Increasing trends (2001–2018) in photochemical activity and secondary aerosols in Santiago, Chile
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Despite the decline in partially (PM10) and fully (PM2.5) inhalable particles observed in recent decades, Santiago in Chile shows high levels of particle and ozone pollution. Attainment plans have emphasized measures aimed at curbing primary and, to some extent, secondary particles, but little attention has been paid to photochemical pollution. Nevertheless, ozone hourly mixing ratios in Eastern Santiago regularly exceed 110 ppbv in summer, and in winter maximum mixing ratios often reach 90 ppbv. Moreover, the sum of ozone and nitrogen dioxide shows an increasing trend of more than 3.5 ppbv per decade at 5 out of 8 stations. This trend is driven by increasing NO2, possibly associated with increasing motorization but also with changes in photochemistry. To estimate the fraction of secondary particles in PM2.5 and due to the lack of long-term speciation data for particles, we use carbon monoxide as a proxy of primary particles and ozone daily maxima as a proxy for secondary particle formation. We find a growing fraction of secondary particles due to an increase in the oxidizing capacity of Santiago’s atmosphere. This stresses the need for new curbing measures to tackle photochemical pollution. This is particularly needed in the context of a changing climate.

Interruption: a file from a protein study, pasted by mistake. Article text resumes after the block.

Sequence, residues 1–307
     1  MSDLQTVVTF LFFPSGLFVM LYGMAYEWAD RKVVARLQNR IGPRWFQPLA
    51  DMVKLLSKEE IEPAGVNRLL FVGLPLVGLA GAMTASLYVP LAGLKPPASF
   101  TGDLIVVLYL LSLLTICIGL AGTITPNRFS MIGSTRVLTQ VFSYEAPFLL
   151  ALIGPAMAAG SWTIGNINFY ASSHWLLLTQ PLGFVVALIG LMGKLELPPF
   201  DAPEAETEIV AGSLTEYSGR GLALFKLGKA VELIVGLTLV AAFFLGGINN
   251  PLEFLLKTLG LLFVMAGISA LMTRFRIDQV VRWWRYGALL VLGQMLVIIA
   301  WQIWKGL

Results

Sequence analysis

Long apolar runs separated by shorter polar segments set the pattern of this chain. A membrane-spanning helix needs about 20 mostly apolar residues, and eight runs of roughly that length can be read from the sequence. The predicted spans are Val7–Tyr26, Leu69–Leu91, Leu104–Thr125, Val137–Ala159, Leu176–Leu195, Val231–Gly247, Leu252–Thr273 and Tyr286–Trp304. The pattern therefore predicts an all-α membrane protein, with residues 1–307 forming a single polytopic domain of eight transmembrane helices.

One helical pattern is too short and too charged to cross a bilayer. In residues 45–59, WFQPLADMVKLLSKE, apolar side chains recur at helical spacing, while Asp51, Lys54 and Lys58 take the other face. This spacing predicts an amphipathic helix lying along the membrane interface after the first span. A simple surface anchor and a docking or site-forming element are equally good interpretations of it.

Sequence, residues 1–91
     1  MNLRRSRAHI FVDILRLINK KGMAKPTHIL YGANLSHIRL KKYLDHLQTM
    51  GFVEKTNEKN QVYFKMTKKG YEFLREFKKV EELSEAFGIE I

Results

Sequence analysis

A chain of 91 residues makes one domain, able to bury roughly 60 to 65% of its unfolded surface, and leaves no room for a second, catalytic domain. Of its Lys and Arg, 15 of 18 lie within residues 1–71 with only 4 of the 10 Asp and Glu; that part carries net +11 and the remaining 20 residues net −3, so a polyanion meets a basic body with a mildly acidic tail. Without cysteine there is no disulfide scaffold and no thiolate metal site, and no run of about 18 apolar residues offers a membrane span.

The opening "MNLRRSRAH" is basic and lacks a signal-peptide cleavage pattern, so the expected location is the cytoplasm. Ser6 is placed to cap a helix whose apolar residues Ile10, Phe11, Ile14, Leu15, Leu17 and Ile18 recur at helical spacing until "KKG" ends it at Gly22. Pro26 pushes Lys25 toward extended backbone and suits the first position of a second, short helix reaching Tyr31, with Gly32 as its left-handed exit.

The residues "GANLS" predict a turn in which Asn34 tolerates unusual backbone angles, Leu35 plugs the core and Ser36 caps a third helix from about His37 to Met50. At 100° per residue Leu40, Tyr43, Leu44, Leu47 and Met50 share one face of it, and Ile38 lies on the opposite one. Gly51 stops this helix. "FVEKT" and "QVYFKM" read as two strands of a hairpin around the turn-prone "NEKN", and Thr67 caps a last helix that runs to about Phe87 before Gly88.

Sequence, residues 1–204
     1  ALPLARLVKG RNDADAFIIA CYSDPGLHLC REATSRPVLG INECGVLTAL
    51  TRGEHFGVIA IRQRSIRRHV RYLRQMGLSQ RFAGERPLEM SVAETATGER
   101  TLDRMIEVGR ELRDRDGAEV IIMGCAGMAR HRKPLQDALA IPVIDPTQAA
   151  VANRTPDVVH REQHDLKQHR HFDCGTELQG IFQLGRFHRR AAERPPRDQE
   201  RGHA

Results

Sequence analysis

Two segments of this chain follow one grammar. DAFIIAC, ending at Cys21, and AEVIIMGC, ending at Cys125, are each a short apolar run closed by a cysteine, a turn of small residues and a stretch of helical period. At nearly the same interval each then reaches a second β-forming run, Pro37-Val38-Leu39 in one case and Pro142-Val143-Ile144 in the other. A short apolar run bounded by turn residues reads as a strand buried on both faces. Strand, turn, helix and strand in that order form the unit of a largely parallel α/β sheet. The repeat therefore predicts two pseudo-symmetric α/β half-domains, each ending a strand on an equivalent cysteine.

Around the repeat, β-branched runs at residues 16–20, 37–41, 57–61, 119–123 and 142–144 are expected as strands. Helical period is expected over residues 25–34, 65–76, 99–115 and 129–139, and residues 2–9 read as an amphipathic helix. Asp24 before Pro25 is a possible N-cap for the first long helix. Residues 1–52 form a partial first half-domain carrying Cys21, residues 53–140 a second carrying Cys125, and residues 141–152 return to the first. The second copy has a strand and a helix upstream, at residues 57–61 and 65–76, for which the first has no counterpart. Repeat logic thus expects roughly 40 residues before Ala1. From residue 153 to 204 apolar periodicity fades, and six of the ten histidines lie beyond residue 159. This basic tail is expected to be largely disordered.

Center for Climate and Resilient Research FONDAP 15110009 PAPILA (Prediction of Air Pollution in Latin America and the Caribbean) project 777544 Comision Nacional de Investigacion Cientifica y Tecnologica (CONICYT) CONICYT FONDECYT 1181139 AQ-WATCH 870301 MAPAQ General Secretariat for Research and Technology in Greece University of Crete 4162
Artículo de publicación ISI
Quote ItemTellus Series B-Chemical and Physical Meteorology Volumen: 72 Número: 1 Páginas: 1-18 Sep 2020
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